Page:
During control procedures, NIK found that in two selected controlled crossing points, in the years 1997-99, 103 animal transporters exporting from Poland were never inspected by veterinarians.
NIK also found that at every one of Poland’s road crossing points, some 48 per cent of the facilities and 40 per cent of transporting firms failed on basic sanitary, veterinary, feeding and animal safety requirements.
It established that the majority of transports are overloaded, which is the cause of death in many cases; that 70 per cent of those involved in the trade - and even the state itself - had inadequate procedures for checking animal certificates of origin.
NIK’s analysis of 1,036 certificates of origin for animals exported from the Tarnow region of south-east Poland revealed that:
- there were no legible signatures or stamps on 1,004 certificates (97 per cent of the total) and 123 were not signed at all;
- ages of animals were not shown on 404 certificates (39 per cent);
- there were no dates of validity on 894 certificates (86 per cent). Certificates are valid for two weeks but if undated they can be used many times for many different animals;
- dates on 61 certificates (six per cent) had expired between 12 and 24 months earlier
- 83 certificates (eight per cent) had no issuing date;
- eight certificates (0.8 per cent) failed to mention the type of animals being transported.
- on 12 certificates (one per cent), the written name of the community of origin was different to that of the stamp.
This catalogue of failures, incompetence, disinterest and fraud shows that Polish claims that the horse trade is well regulated are nothing more than rhetoric. Not only do these failures represent a welfare disaster but they also have serious implications for the spread of diseases throughout Europe (as foot and mouth disease has shown) and ensures that the animals are almost invariably not traceable (a factor in the spread of BSE in Britain).
Again Mr. Piotr Kozerski, at the London embassy, appears ignorant of the facts when he said to Viva!: “The export of horses from Poland is subject to rigorous regulations which, among others, refer to humane transportation of horses. The reasons for that are not only natural and historical - i.e. a traditionally great respect for horses - but also Poland’s will and obligation to comply with the requirements laid down by the EU with regard to humane conveyance of animals.” We are forced to ask how Poland would treat its horses if it had no respect for them.
To show just how easy it is for anyone to obtain a certificate of origin for animals, in October 1997, two veterinary doctors applied for one in the town of Nowy Sacz. Although all the data they supplied was false, the certificate was duly issued (3).
The Parliament of the Republic of Poland, in the last few years, has consistently failed to enforce the legislation which is at its disposal and has effectively legalised the suffering and barbaric treatment of hundreds of thousands of horses. The passage of the Animal Protection Act in 1997 can perhaps be seen in retrospect as a cynical attempt to claim civilised standards of treatment for animals which it was never intended to enforce.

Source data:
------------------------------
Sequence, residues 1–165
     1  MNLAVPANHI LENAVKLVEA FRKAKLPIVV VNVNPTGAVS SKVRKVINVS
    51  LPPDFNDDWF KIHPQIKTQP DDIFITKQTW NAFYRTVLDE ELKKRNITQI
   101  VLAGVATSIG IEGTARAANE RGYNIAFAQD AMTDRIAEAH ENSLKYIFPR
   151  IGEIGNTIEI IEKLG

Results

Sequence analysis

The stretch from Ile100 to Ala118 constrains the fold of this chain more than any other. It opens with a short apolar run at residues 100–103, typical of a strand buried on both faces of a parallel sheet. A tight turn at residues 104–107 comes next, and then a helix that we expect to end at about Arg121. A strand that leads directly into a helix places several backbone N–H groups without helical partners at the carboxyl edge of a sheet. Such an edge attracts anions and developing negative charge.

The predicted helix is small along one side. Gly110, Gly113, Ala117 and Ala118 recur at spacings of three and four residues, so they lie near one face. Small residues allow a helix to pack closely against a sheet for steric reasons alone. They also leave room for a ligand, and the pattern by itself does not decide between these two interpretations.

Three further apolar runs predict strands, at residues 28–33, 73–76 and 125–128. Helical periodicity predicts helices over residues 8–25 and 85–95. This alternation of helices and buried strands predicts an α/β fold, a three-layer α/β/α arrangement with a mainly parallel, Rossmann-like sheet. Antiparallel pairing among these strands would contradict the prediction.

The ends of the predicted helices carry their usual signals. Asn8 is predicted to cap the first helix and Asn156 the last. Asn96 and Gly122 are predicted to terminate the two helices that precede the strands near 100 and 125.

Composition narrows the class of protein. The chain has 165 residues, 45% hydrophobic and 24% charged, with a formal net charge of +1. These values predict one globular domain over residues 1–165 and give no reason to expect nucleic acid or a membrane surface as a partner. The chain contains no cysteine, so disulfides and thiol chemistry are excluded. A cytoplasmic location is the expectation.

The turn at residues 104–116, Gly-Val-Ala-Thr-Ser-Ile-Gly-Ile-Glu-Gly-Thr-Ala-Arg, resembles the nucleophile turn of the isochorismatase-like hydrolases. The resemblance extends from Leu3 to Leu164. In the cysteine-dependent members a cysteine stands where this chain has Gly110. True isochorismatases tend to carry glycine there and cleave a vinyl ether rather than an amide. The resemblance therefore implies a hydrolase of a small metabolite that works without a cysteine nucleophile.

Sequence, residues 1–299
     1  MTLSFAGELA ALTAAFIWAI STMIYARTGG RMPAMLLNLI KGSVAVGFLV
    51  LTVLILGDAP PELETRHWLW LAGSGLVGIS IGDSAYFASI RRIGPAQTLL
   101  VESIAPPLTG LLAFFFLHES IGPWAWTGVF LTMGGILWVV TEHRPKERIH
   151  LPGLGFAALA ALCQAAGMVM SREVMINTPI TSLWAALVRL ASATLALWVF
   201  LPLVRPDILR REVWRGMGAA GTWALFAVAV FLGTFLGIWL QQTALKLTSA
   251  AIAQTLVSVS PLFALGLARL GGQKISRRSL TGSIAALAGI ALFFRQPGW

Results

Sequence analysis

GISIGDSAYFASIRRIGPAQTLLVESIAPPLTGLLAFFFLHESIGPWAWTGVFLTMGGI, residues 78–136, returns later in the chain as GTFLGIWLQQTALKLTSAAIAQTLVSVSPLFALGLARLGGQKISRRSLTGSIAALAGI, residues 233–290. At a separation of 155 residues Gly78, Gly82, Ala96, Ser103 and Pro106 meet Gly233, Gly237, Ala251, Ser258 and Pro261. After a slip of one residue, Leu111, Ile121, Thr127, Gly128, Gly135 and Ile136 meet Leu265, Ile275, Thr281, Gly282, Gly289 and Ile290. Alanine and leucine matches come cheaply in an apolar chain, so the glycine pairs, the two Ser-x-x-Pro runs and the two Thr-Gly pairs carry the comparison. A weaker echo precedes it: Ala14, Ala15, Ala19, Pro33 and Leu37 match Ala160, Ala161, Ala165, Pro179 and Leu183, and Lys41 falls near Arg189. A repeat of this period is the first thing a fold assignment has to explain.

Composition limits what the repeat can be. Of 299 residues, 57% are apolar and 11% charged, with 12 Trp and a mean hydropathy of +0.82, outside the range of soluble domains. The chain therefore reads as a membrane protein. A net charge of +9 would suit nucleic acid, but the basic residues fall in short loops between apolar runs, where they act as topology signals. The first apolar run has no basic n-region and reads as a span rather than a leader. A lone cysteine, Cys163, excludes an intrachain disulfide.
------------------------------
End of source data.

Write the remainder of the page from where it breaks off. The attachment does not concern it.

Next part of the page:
Such widespread flouting of the law could only come about through the large-scale connivance of members of parliament and ministers and by their placing illegal profit above and beyond the civilised and humane treatment of animals. It provides a stark warning for Polish democracy when elected members of parliament and government ministers choose which laws they will enforce and which they will ignore. The Polish people have the right to demand that all laws passed in their name are enforced with equal vigour otherwise democracy becomes nothing more than a shallow pretence and a cover for greed and self interest.
The stark facts behind the trade in horses does not communicate the emotional impact that first hand experience of it invokes in those without a vested interest. Some of those who have worked the hardest to defend these animals are unashamedly emotional as a result of their experiences. Their reports also give an indication of the heartlessness which drives this trade.
Again it includes veterinarians, who consistently seem to identify themselves with the meat industry rather than the welfare of the animals and are far more interested in inspecting paperwork than the animals themselves. This is not a criticism of Poland, Germany, Italy or any of the other countries involved but a criticism of veterinary practice in the developed world. These people could stop the live export trade tomorrow if they were to enforce existing laws and regulations. They have chosen not to do so for financial reasons, both corporate and personal.
Although the EU boasts of high animal welfare standards, its regulations on live transportation vary from country to country with no coherent policy. Even those policies which are in existence are rarely policed and so Polish horses are offered no additional protection once they enter EU countries (see Effectiveness of EU Laws).